Curator Erika Holmquist-Wall discusses the new The Speed Collects: Art in Europe installation and Claude Monet’s Nymphéas exhibition
By Sarah Carter Levitch
Photos provided by Speed Art Museum
Since the Speed’s reopening in 2016, there has been a continual flow of rich, stimulating exhibits coming in and out alongside their diverse permanent collection. Some past favorites of mine have been Isabelle de Borchgrave: Fashioning Art from Paper, Andy Warhol: Revelation and Keltie Ferris: *O*P*E*N*, to name a few. This Spring, the Speed welcomes another unique exhibition, Claude Monet’s Nymphéas, while also revealing a reinstallation of their permanent art collection in Europe from the 14th through 17th centuries.
Over the past six years, the permanent collection has evolved, whether new works are acquired, works taken out on loan, or works gone out on conservation. Along with the pandemic and civil unrest, the team at the Speed has been asking themselves: “how can we be more responsive?” Their response is reflected in the open reinstallation, The Speed Collects: Art in Europe.
Given it can be easily dismissed as old European art, the new exhibit is about finding the thread that speaks to the commonalities in human nature that have stretched across the centuries. Curator Erika Holmquist-Wall noted, “We’ve been taking the old art and figuring out how to connect it to our lives today. The different impulses, drives and desires. There’s new labeling and new ways to talk about art. For example, the images of St. Sebastian, who was a plague Saint and only venerated during outbreaks of a pandemic.”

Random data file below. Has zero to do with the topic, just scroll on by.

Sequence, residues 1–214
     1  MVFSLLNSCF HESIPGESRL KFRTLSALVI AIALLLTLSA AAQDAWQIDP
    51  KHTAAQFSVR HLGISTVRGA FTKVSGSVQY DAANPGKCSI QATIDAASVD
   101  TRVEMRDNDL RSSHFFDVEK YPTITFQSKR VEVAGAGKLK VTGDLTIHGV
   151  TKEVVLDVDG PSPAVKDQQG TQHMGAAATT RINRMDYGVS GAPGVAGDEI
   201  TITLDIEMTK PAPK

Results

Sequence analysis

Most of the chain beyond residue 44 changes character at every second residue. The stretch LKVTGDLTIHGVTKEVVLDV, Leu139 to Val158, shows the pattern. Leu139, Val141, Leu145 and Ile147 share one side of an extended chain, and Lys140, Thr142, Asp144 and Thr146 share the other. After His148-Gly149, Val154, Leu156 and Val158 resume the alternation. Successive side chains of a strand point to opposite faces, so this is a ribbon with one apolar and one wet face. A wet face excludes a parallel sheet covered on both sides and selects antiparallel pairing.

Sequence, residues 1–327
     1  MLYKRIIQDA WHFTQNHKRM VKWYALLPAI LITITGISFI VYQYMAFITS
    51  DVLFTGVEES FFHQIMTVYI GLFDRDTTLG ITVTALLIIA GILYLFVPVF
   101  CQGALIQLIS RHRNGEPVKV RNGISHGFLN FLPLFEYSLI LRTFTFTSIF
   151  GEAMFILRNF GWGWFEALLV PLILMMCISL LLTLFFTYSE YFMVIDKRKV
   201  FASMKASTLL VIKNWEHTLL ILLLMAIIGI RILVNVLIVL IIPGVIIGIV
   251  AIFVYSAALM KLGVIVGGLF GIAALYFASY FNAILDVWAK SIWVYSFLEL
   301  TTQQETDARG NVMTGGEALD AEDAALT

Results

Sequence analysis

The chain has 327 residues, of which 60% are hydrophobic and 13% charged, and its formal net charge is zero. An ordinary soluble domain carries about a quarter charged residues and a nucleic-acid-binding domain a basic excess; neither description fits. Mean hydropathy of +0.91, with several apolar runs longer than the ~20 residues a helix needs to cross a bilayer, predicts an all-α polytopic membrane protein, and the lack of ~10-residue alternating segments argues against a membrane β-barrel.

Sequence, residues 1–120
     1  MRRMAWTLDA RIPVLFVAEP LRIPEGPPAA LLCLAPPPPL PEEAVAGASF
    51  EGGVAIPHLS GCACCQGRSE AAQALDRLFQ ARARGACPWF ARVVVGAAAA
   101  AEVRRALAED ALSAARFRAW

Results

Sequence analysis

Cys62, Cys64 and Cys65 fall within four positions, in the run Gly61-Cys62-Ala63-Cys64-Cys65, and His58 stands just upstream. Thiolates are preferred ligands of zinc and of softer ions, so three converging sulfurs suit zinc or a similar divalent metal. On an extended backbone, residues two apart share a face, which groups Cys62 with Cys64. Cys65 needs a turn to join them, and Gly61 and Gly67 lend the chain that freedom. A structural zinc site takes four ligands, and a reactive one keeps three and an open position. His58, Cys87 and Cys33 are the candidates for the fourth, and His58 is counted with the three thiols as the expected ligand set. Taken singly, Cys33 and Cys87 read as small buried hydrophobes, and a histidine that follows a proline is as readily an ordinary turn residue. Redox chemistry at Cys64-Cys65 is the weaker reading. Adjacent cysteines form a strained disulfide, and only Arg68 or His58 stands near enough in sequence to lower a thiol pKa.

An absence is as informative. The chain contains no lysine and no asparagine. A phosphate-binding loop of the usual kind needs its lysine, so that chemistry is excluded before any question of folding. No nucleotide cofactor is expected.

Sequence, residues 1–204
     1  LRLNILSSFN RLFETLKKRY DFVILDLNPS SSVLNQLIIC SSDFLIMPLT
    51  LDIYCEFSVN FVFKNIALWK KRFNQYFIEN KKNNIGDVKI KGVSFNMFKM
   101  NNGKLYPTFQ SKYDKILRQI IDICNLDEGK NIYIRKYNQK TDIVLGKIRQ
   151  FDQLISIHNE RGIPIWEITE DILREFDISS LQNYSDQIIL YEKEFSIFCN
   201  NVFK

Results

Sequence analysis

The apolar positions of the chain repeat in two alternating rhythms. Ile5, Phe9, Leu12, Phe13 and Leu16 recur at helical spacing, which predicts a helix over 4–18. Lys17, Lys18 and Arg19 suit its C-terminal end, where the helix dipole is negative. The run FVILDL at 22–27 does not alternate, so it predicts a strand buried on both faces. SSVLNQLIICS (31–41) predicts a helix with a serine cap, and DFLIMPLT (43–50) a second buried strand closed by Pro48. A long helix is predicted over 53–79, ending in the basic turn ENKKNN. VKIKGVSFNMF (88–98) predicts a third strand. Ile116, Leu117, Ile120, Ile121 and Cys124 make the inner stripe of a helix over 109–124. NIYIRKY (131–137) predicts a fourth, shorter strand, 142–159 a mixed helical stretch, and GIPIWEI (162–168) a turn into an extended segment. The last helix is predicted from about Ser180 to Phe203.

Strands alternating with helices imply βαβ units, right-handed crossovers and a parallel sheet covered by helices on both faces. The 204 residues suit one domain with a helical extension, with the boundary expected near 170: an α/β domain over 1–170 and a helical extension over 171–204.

Holmquist-Wall expanded on how this reinstallation will also enable more flexibility to talk about and incorporate their collection: “For the past several years, we’ve used all museum areas for exhibitions. We were moving very quickly, and things were getting shuffled around a lot. By creating spaces for the Speed’s permanent collection and giving it a chance to shine, our goal is to make smaller spaces within the permanent collection gallery, which will allow us to either showcase a single work of art on a deeper level, smaller exhibitions that speak to themes and objects, or a space for community and education.”
Also, now on view at the Speed is a unique treat. Holmquist-Wall noted, “we are installing a really beautiful, important loan of one of the earliest versions of Claude Monet’s water lily portraits titled Nymphéas, 1897-1899. We have the work on loan to us for a year from the collection of Monet’s son, Michel Monet. Knowing that the painting stayed with the family for many years and now it’s here at the Speed is pretty special. Anybody who doesn’t know much about art history will recognize the name Monet and know his paintings of the water lilies, so it’s an incredible opportunity to have this work on view.”
“We’ll be showcasing it with some photographs by Stephen Shore, who spent time photographing Monet’s garden in Giverny, France, as well as the Speed’s Claude Monet painting,” titled The Church at Varengeville-sur-Mer, Grey Weather, 1882. She clued us into a present-day connection: “This work features a little church on the cliffs of the Normandy coast, and the church was just in the news a few weeks ago. The weather erosion of the cliffs is threatening this medieval hilltop Abbey that Monet painted over and over again.”
Holmquist-Wall provided insightful context for Nymphéas: “This work comes from the first series after installing his water lily garden. He produced around a dozen canvases that are about 30×50. He kept them in his studio and returned to them again at the outbreak of World War I when Europe was undergoing this massive upheaval. He returned to the topic of the water lily. Right around that time in 1917 and into the 1920s, as the war dragged on, is when he was producing the very large scale water lily pictures.”
Whether you’re a regular visitor of the Speed or have never been before, this new exhibit and the recent reinstallation of art in Europe are compelling excuses to visit. When new exhibits come on, one of my favorite weekend activities is to get lunch and a cappuccino at Wiltshire at the Speed and then walk through the galleries, so might I recommend the same to you!
Speed Art Museum
2035 South Third St.
Louisville, KY 40208